Growing Pains in South Lubbock - KCBD NewsChannel 11 Lubbock


Growing Pains in South Lubbock

South Lubbock has plenty of undeveloped land making it a prime location for businesses to open and developers to build new neighborhoods.

For instance, Lubbock's 11th Sonic Drive-in was scheduled to open on Frankford Avenue. But 95% of the residents who live on 64th street don't want it there. "Concerns are the increase in traffic we'll have here. We have lots of children in the neighborhood. We're very concerned for our children's safety," said long time resident, Cheryl Anderson.

Anderson says the entrance to their street would be directly in front of the Sonic. Residents fear more vehicles will drive on their residential street. Because of that, residents started a petition Monday and presented it to the council at Tuesday's meeting. Now, the case of Sonic Drive-In will have to be re-visited by the Planning and Zoning Commission.

However, Chris Wilson, a Sonic Representative doesn't believe the restaurant will create more traffic for the neighbors. "I don't know if Sonic would be able to generate traffic anymore than what's already here," said Wilson.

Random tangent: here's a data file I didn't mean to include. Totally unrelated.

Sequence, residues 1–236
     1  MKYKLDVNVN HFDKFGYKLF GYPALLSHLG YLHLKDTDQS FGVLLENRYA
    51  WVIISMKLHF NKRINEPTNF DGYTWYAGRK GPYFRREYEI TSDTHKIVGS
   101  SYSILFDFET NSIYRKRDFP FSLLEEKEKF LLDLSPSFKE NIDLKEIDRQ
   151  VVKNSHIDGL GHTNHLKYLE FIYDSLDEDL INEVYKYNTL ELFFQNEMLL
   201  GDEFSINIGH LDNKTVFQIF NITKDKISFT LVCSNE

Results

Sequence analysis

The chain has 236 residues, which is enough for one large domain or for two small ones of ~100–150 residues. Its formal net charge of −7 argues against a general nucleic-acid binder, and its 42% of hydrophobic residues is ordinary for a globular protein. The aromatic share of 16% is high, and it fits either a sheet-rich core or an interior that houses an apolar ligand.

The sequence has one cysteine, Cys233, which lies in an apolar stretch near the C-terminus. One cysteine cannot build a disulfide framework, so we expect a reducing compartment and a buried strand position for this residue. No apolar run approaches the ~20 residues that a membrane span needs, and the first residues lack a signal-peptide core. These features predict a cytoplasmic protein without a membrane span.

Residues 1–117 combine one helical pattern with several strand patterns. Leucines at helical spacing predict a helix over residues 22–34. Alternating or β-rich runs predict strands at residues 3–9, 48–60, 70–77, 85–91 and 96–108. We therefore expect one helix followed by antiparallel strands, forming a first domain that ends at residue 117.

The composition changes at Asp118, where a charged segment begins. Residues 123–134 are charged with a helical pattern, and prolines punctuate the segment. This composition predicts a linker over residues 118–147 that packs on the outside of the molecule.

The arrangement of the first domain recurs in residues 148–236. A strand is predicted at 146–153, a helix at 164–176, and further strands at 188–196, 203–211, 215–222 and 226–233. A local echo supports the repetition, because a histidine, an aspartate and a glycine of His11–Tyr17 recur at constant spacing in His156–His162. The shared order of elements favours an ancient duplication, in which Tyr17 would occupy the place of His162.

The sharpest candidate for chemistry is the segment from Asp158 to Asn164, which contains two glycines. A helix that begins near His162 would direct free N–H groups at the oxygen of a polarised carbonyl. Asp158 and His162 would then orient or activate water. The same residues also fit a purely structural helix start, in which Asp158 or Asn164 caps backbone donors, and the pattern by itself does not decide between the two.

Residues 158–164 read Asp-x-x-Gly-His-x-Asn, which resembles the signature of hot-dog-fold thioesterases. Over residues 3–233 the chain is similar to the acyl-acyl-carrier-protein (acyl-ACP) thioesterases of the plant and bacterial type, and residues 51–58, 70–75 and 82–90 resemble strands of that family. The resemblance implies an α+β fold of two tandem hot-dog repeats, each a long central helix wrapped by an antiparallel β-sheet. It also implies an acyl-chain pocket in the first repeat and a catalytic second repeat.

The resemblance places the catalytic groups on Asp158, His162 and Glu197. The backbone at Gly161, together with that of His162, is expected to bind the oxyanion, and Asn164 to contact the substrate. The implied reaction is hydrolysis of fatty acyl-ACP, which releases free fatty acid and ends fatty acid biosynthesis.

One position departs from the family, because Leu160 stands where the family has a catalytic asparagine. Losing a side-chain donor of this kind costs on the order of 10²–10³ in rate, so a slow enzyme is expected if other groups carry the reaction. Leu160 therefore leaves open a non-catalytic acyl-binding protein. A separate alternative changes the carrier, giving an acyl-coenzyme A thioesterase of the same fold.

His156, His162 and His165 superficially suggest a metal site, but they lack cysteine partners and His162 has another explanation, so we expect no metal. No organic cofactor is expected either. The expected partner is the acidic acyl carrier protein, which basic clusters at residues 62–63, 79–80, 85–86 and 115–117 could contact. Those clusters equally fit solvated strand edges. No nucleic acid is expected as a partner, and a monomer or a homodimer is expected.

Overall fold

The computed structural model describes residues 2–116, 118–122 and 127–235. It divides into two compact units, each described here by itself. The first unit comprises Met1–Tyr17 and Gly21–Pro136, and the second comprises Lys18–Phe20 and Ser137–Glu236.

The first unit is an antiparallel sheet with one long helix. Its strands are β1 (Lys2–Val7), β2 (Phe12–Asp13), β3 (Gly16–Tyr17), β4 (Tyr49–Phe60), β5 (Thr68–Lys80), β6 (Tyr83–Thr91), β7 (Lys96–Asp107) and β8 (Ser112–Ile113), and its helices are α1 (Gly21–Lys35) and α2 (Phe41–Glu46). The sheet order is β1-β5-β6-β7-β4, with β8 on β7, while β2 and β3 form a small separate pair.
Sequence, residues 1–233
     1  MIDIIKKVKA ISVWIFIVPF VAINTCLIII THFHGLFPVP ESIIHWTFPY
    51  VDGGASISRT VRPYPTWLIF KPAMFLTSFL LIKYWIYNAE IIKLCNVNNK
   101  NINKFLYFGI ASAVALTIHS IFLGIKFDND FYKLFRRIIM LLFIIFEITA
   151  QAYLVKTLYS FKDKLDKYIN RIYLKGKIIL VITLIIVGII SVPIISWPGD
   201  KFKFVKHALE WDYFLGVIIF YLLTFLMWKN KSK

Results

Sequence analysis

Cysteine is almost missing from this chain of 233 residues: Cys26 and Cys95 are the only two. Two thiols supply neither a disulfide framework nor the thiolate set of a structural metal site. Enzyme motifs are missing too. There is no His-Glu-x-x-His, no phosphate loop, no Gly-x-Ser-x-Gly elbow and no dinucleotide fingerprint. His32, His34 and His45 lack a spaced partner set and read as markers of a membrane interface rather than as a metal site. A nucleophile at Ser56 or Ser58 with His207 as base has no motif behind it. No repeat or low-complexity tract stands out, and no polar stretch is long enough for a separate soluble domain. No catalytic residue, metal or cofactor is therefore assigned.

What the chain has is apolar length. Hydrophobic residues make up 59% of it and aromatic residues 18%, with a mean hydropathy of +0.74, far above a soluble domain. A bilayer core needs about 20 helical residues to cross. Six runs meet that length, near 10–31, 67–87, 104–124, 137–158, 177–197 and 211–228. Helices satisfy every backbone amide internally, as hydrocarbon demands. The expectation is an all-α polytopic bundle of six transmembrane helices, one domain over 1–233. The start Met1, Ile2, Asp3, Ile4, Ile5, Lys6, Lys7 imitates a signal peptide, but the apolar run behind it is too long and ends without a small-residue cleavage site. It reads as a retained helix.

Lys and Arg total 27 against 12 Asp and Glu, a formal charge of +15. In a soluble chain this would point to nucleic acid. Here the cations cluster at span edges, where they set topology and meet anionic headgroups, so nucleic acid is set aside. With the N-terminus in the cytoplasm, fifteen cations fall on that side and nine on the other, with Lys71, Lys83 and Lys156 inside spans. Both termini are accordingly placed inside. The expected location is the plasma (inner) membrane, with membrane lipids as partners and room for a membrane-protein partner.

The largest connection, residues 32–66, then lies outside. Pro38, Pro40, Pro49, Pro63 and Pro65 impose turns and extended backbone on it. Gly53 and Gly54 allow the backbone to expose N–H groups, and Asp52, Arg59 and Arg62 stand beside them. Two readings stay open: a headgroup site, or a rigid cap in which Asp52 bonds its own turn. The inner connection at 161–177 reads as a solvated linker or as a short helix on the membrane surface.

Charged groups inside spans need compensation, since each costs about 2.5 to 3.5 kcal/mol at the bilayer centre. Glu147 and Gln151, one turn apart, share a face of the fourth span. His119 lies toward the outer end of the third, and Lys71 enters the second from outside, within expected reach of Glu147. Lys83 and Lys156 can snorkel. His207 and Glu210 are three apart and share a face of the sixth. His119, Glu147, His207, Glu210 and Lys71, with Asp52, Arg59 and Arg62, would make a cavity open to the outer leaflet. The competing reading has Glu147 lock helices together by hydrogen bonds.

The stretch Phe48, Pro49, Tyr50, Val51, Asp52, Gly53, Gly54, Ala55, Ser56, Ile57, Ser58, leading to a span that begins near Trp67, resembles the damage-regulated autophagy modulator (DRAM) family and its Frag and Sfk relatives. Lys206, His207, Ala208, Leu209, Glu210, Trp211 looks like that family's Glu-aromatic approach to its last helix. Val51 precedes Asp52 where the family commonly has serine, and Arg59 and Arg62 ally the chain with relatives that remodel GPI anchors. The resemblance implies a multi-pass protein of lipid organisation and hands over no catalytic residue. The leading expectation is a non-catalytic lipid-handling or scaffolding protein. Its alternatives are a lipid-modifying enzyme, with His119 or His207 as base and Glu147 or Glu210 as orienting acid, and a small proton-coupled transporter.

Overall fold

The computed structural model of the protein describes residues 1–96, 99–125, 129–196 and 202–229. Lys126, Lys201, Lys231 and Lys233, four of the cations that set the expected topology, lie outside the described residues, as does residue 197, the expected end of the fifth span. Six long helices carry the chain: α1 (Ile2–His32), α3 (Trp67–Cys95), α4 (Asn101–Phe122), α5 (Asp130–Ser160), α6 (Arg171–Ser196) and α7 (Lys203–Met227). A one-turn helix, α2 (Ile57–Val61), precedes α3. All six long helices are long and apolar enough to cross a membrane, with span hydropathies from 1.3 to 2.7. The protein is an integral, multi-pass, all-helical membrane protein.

According to the city, 23,000 cars are driven up and down these roads a day. But Sonic doesn't believe they will create traffic, but pull from what's already there.

Growing pains are not just happening around 64th, but for residents who live on South York Avenue. They are just beginning their fight to keep a bar and grill from opening right behind Letrice Haggard's house. She says none of her neighbors want it there.

Haggard says she knew the land was zoned for commercial use. "We thought it was going to be businesses closing at five. It was the last thing in our mind it was going to be a bar and grill," says Haggard.

"We all have young children and we're trying to raise them. We don't want this around them," said Ashley Ball, another York Avenue resident.

Whether the concern for both of these neighborhoods are safety, to them, it boils down to property values. "We don't want that drive-in there because we don't want our homes reduced $15,000 a house," said 64th Street resident J.B. Hance.

Sonic says they talked to residents a year ago, and a majority of the people were not opposed to the restaurant moving in. The Sonic case will be heard before the zoning board in August.

The case of South York Avenue, residents there are trying to schedule a meeting with the City Council to see what can be done about the bar and grill.

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